Livescribe launches sleek new Bluetooth-enabled smartpen


November 1, 2013

Handwriting can be displayed instantly on an iOS device using the Livescribe 3 and a companion app

Handwriting can be displayed instantly on an iOS device using the Livescribe 3 and a companion app

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Since the launch of the Pulse in 2008, Livescribe has continued to improve upon its paper-based smartpen technology in subsequent models. The Echo in 2010 brought a rounder shape and micro-USB connectivity and Wi-Fi connectivity was incorporated in the Sky in 2012. The latest addition to the line is the Livescribe 3, which boasts Bluetooth connectivity and iOS device support through a companion app.

The first thing you notice about the Livescribe 3 is that, more so than the previous models, the "smarts" are extremely well camouflaged so that is looks very much like a sleek, high-quality ballpoint pen.

Like all Livescribe smartpens, the Livescribe 3 works in combination with special dot paper to capture everything written via an integrated infrared camera. Through a Bluetooth connection to an iOS device running the Livescribe+ mobile app, the Livescribe 3 allows everything written to be instantly transferred to a connected iOS device's display. If not connected to an iOS device at the time of writing, notes will be stored in the pen's flash memory and transferred to the app when it is opened.

Once transferred to the iOS device, the handwritten notes can be transformed into tasks, reminders, calendar events, new contacts, etc. Images and text notes can also be added, while audio captured from the iOS device's microphone can be used to create "pencasts" that synchronize recorded audio with the handwritten notes within the app. PDFs of the notes can be shared through Airdrop, Mail, Messages, Evernote and Dropbox.

In keeping with the tablet and smartphone compatibility, the Livescribe 3 pen also features a capacitive stylus cap for touchscreen interaction. It connects to compatible iOS devices via Bluetooth Smart technology, which helps reduce energy consumption and gives the pen 14 hours of continuous writing between charges of the lithium-ion battery.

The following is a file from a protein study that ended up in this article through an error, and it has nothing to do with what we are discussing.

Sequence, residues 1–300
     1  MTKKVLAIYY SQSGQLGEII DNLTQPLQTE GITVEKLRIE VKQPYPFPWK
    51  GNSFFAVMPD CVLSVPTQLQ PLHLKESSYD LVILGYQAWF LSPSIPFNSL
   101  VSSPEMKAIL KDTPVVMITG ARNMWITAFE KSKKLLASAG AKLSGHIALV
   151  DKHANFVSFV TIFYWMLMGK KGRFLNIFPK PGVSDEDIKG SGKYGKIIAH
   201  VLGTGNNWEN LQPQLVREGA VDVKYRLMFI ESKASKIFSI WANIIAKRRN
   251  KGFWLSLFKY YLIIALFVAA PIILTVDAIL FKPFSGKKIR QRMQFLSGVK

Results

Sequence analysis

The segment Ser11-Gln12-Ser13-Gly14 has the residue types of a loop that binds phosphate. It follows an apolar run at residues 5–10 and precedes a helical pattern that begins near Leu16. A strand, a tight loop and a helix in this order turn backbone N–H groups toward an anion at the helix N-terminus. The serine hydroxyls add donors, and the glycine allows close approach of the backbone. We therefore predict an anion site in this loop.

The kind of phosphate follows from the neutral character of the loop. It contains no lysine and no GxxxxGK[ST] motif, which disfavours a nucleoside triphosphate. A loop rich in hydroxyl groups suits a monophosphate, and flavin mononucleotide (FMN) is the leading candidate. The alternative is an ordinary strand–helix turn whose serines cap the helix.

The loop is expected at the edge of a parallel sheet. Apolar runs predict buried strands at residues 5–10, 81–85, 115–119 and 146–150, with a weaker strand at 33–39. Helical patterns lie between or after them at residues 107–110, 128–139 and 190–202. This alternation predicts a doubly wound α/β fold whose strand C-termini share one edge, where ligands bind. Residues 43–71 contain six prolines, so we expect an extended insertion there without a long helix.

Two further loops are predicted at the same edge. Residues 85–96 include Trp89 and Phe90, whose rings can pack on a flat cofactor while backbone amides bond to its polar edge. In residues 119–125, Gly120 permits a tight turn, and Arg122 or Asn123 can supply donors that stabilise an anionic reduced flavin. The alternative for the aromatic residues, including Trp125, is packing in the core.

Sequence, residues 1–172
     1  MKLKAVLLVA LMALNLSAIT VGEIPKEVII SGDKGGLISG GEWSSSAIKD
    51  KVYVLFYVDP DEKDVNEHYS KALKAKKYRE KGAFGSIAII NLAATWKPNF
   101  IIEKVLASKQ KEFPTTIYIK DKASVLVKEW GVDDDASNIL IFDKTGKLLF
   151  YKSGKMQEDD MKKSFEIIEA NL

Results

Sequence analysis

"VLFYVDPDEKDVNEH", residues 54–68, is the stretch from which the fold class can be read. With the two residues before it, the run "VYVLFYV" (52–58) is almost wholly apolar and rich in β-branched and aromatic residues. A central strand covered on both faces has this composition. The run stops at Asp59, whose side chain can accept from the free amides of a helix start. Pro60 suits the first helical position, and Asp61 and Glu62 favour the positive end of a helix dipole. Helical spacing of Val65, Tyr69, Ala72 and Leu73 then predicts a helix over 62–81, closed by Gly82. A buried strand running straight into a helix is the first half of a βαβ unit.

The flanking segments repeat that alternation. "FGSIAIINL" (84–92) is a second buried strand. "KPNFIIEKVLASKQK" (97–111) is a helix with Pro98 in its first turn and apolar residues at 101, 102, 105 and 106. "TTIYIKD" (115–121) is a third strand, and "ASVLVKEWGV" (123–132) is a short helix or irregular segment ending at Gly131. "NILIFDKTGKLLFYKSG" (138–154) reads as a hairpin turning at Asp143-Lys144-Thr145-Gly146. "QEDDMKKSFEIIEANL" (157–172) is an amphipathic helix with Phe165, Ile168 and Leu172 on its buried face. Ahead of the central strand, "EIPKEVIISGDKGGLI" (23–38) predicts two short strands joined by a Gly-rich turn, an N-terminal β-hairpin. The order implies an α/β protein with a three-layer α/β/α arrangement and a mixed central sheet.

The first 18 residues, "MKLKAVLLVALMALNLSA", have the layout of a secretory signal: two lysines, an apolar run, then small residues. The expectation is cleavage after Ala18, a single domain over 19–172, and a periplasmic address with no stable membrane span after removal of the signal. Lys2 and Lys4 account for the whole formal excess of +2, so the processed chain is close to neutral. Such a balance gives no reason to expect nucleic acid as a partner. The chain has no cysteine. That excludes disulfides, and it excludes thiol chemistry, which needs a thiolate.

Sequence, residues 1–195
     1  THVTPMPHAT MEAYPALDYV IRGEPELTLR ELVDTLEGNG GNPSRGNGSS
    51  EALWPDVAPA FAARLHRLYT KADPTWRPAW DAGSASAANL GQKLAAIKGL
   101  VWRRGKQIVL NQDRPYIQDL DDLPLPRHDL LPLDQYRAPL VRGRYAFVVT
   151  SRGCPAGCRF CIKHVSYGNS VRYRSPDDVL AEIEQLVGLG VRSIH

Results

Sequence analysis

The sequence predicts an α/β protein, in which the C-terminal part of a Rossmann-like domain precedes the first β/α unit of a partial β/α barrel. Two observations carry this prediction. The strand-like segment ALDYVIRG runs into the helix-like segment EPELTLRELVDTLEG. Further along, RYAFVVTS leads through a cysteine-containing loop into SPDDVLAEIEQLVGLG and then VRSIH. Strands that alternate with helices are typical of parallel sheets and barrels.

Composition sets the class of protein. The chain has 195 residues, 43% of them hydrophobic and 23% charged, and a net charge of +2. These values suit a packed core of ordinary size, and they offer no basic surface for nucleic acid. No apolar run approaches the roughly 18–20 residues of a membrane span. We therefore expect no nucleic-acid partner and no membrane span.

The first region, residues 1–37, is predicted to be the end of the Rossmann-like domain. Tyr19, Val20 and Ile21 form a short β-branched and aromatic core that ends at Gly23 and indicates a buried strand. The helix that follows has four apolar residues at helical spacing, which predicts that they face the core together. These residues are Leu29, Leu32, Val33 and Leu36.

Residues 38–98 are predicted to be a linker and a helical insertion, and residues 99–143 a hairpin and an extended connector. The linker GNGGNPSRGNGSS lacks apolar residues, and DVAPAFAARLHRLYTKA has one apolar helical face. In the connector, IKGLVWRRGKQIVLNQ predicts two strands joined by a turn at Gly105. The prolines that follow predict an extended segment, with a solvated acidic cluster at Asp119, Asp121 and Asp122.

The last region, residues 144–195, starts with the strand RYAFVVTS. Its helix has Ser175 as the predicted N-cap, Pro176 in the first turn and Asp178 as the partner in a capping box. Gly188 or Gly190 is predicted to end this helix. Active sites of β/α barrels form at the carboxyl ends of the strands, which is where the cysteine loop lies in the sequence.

Recharging is via the included micro USB charging cable, with the standard black and chrome Livescribe 3 pen also coming bundled with a 50-sheet starter book of dot paper and a black tungsten carbide medium-tip ink cartridge. The black and dark chrome Pro Edition smartpen comes with a leather smartpen folio, 100-sheet hardbound dot paper journal, an additional ink cartridge and a one-year subscription to Evernote Premium.

The Livescribe 3 is priced at US$149.95, while the Pro Edition sells for $199.95. The Livescribe+ mobile app is available as a free download from the App Store. The smartpen is compatible with iPhone 4S or later, third-generation or later iPad, iPad Mini, and the fifth-generation iPod touch or newer.

Product page: Livescribe

About the Author
Darren Quick Darren's love of technology started in primary school with a Nintendo Game & Watch Donkey Kong (still functioning) and a Commodore VIC 20 computer (not still functioning). In high school he upgraded to a 286 PC, and he's been following Moore's law ever since. This love of technology continued through a number of university courses and crappy jobs until 2008, when his interests found a home at Gizmag. All articles by Darren Quick